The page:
One potential barrier to prosecution is the existence of religious exemptions in certain states.  Two should be addressed here: religious exemptions that exonerate a parent of child neglect for using faith healing; and religious exemptions from school immunization requirements.

The starting point to this discussion  is that courts would not acknowledge religious beliefs as a reason not to provide a child with medical assistance absent a specific statute protecting such beliefs (Com. v. Barnhart, 345 Pa. Super. 10 (1985)). And in several cases the courts, even in the presence of an exemption, have upheld convictions from manslaughter by interpreting the exemption as narrowly as possible (Walker v. Superior Court, 47 Cal. 3d 112 (1988), Com. v. Twitchell, 416 Mass. 114 (1993)). But many states have adopted explicit statutory exemptions which protect parents from prosecution in cases such as those involving faith healing.   (State v. Lockhart, 1983 Ok CR 76 (Okla. Crim. App. 1983)) (It’s not obvious they should; there is at least an argument that such exemptions are unconstitutional, as discussed below).  It would be hard to justify acquitting a parent who stood by as a child died slowly from diabetes or from a condition easily curable by antibiotics, while convicting a parent who did not vaccinate. If the statute is clear that faith healing or religious belief is a defense to manslaughter, it should probably also cover cases in which the decision not to vaccinate was really religiously motivated.

Supporting this is the fact that in some cases, even where the religious exemption did not apply, the courts felt a conviction was inappropriate because the mere existence of the exemption lead a parent to believe their behavior was exempt, thereby depriving the parent of fair warning that their behavior was criminal.   (State v. McKown, 475 N.W.2d 63 (Minn. 1991), State v. Miskimens, 22 Ohio Misc. 2d 43 (C.P. 1984)). This could be applied here: we could argue that non-vaccinating parents did not have fair warning that their behavior was criminal.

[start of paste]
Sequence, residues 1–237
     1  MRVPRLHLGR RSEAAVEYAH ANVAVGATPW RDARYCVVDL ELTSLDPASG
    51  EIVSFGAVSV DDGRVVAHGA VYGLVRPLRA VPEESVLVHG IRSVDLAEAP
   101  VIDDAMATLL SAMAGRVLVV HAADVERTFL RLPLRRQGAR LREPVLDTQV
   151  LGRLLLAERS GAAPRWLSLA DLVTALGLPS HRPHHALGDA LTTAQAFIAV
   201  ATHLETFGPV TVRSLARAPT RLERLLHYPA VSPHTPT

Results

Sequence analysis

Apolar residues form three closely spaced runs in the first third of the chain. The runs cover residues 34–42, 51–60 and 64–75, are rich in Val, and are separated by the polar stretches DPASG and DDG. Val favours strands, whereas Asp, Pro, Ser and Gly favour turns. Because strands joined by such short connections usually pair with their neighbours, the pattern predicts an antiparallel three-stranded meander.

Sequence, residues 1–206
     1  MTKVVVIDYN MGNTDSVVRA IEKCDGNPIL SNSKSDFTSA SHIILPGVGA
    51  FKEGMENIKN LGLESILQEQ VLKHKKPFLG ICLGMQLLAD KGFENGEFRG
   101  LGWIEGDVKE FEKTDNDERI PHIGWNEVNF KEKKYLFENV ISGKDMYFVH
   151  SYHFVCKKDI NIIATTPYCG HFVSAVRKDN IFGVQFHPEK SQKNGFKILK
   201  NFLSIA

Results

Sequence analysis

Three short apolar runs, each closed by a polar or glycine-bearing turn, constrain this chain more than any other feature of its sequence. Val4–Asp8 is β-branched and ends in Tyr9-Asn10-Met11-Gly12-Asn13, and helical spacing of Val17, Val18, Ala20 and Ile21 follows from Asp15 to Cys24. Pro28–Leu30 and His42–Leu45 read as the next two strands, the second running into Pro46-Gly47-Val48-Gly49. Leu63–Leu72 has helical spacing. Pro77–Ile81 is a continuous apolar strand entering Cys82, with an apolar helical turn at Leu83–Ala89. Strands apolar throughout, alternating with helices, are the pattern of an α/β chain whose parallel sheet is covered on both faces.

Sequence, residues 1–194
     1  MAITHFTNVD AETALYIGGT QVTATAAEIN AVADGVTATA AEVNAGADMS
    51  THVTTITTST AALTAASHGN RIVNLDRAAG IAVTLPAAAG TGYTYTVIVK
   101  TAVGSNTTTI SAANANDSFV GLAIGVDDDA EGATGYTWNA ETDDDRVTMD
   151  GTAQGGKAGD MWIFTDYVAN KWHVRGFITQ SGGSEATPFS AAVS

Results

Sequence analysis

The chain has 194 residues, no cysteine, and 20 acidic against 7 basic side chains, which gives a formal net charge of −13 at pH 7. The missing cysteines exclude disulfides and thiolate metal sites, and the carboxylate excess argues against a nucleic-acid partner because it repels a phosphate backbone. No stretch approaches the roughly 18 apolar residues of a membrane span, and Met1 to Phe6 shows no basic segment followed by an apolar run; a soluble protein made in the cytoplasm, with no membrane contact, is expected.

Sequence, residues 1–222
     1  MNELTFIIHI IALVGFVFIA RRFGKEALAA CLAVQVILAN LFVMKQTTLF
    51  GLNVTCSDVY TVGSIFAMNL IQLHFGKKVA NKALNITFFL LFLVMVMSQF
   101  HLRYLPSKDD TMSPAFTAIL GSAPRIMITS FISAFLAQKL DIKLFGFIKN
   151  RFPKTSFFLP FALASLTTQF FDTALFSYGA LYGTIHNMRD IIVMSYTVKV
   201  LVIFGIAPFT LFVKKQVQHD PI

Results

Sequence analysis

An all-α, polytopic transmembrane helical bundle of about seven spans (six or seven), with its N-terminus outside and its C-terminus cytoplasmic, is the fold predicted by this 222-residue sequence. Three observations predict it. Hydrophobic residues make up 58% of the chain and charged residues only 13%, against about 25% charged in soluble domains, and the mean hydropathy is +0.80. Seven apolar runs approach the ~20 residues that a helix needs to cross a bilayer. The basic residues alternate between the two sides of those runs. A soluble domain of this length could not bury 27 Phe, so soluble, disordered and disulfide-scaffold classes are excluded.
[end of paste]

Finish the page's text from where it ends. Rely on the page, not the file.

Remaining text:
On the other hand, if courts interpret these exemptions narrowly and only on their terms they would not apply to failure to vaccinate.

Part of the irony is that these religious exemptions do not cover cultural beliefs that are not religious, even if sincerely held.

While a religious exemption may prevent a criminal conviction, non-medical exemptions from mandatory school vaccinations – whether religious or philosophical – probably should not. Exemptions from school immunization requirements reflect a state’s willingness to allow children to receive public education in spite of lack of vaccines. Their focus is probably protecting the wellbeing of other children in school and the assumption that a small number of exempt children would not result in widespread outbreaks that would endanger all.  However, the exemption does not necessarily protect a parent against prosecution for harm to the unvaccinated child herself. If courts apply exemptions that are explicitly about medical neglect narrowly, refusing to extend them to contexts in which they do not apply, they should refrain from applying exemptions from school immunization requirements in that context.  If a parent believed that they were not responsible for harm to their unvaccinated child on the basis that they were granted an exemption from school immunization requirements, that position would be unconvincing.